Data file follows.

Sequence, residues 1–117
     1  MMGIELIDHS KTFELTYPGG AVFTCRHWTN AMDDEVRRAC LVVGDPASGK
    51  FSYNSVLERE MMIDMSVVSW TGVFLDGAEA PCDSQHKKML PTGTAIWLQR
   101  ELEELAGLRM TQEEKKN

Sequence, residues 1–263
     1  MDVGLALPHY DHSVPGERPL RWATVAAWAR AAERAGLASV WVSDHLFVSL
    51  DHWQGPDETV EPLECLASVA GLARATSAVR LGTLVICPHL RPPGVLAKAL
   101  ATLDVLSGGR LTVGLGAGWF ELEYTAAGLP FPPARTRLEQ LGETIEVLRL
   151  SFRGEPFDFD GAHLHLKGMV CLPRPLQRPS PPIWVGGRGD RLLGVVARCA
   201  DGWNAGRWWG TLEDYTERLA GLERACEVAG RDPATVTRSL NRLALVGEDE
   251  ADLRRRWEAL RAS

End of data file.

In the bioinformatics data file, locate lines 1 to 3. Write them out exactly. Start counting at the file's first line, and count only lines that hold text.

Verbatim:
Sequence, residues 1–117
     1  MMGIELIDHS KTFELTYPGG AVFTCRHWTN AMDDEVRRAC LVVGDPASGK
    51  FSYNSVLERE MMIDMSVVSW TGVFLDGAEA PCDSQHKKML PTGTAIWLQR